After the show, The Beatles celebrated by first going to The Playboy Club (59th street and Fifth Avenue) conveniently located across the street from The Plaza Hotel. Paul McCartney commented: “I think the Bunnies are even more lovable than we are.”

Next, The Beatles went to the Peppermint Lounge. Just like a scene from A Hard Day’s Night, Ringo Starr danced the night away as John and Paul grooved from their seats.

MONDAY, FEBRUARY 10

Beatles MagazineOn February 10, 1964, Capitol Records president Alan Livingston presented the Beatles with gold records for “Meet the Beatles” and “I Want to Hold your hand” at the Plaza Hotel.

Several press conferences were held inside the Terrace and Baroque rooms of the hotel that day for the media. One member of the press who interviewed The Beatles that day was celebrity psychologist, Dr. Joyce Brothers.

After a full afternoon of interviews, the Beatles hosted a cocktail party for members of the press at the Plaza.

In just a brief four-day visit, The Beatles had conquered America. They were due to stay in America for another 10 days to perform their first U.S. concerts and appear for a second time on “The Ed Sullivan Show” live from Miami.

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Paul McCartney and Ringo Starr come together for two Beatles songs in Grammy TV salute – Full set list

beatlessignCYou could say “The Night That Changed America: A Grammy Salute to The Beatles”  was 50 years in the making since it marks the 50th anniversary of The Fab Four’s historic debut on The Ed Sullivan Show on February 9, 1964. In truth, it was over ten years in the making according to Executive Producer Ken Ehrlich, longtime producer of The GRAMMYs and many other music shows including “Come Together: A Night for John Lennon’s Words and Music.”

Ehrlich told the studio audience at last night’s taping that he was in talks with former Apple CEO, the late Neil Aspinall, to do a Beatles special for the 40th anniversary of the Ed Sullivan performance but it “wasn’t the right time.” Ehrlich, a self-proclaimed Beatles fan himself who said he even applied to run Apple in the 1960s, put together a stellar group of musicians to pay tribute to The Beatles just one night after The GRAMMY awards telecast.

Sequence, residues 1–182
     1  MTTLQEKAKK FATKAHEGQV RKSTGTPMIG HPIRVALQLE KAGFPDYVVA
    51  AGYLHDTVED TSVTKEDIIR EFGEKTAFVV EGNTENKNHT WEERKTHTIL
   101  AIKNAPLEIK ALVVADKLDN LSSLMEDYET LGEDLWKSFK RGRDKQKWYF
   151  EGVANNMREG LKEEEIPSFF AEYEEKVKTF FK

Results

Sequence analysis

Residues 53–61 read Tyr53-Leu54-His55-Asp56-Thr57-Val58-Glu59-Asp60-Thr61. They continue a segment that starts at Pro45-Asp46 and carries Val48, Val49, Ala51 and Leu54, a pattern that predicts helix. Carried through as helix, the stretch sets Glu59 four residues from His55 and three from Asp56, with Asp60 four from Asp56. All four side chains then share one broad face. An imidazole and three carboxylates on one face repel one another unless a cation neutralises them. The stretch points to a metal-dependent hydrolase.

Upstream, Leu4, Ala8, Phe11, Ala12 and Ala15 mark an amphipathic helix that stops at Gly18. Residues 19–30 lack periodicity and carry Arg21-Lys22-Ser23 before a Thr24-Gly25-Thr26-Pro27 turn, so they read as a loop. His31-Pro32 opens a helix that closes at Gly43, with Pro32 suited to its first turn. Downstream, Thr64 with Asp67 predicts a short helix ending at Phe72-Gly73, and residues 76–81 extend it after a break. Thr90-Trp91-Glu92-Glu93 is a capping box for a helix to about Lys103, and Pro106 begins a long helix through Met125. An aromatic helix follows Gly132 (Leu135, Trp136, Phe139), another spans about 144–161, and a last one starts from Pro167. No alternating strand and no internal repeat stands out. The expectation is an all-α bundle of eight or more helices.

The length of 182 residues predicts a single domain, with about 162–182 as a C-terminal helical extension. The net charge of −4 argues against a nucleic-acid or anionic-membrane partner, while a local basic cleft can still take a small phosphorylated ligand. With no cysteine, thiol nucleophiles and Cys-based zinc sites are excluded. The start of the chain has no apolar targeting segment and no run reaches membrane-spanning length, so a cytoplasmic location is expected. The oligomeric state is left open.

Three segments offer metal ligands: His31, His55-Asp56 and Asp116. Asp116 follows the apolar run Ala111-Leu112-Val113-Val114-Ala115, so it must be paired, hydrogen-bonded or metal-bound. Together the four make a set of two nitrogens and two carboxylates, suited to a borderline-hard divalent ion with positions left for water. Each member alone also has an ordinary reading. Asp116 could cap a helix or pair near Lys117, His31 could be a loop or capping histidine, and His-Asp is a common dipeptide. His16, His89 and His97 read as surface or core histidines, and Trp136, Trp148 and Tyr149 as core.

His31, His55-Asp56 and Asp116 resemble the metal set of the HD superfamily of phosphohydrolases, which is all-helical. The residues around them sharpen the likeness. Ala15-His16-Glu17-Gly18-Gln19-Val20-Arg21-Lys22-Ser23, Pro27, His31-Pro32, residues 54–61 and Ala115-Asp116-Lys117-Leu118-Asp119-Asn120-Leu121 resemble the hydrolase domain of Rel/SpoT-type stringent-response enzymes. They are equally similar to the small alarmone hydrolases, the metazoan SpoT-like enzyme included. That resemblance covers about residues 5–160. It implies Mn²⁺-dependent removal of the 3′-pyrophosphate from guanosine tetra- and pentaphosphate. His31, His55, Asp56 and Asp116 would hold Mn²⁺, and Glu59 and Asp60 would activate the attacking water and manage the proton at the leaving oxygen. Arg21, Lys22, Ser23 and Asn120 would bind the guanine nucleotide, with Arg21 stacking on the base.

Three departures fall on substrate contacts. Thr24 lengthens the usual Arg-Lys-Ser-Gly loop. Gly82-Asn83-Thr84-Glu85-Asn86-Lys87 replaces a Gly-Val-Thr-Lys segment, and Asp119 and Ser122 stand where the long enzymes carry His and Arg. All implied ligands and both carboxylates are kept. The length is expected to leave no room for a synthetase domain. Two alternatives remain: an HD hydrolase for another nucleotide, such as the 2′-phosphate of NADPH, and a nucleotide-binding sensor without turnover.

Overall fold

This GRAMMY Salute to The Beatles does not disappoint — all the performances are top-notch. While the audience patiently awaits the reunion between Paul and Ringo at the end, highlights by other performers include a special Eurythmics reunion to sing “Fool On the Hill,” a duet between Alicia Keys and John Legend performing “Let It Be,” and a touching rendition of “Something” performed by Jeff Lynne and Joe Walsh joined by George Harrison’s son, Dhani Harrison, which was introduced by Johnny Depp.

Jeff Bridges, who said he got to meet the Beatles at a Hollywood charity party on August 24, 1964, introduced Ringo Starr who shouted it was “Starr Time” as he sang classic covers of songs from The Beatles’ days of “Matchbox” and “Boys.” Starr then gave a rousing rendition of “Yellow Submarine” which unified the audience in spirit.
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Sean Penn then introduced Sir Paul who took the stage with his own band. McCartney explained his initial hesitance for taking part in the show: “Was it seemly to tribute yourself? But I saw a couple of American guys who said to me, `You don’t understand the impact of that appearance on the show on America,'” which convinced him to do it. He performed “Magical Mystery Tour,” “Birthday,” “Get Back,” and “I Saw Her Standing There” on his own.
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When McCartney started singing “Sgt. Pepper”, the crowd knew what would happen next. “Billy Shears,” a.k.a. Ringo joined Paul onstage to sing “With A Little Help From My Friends” making this 50th anniversary tribute a historic night on its own. Ringo then took a seat at the drums to accompany Paul on the finale of “Hey Jude.” All the performers from the night including members of The Beatles “Love” Cirque du Soleil show joined in at the end.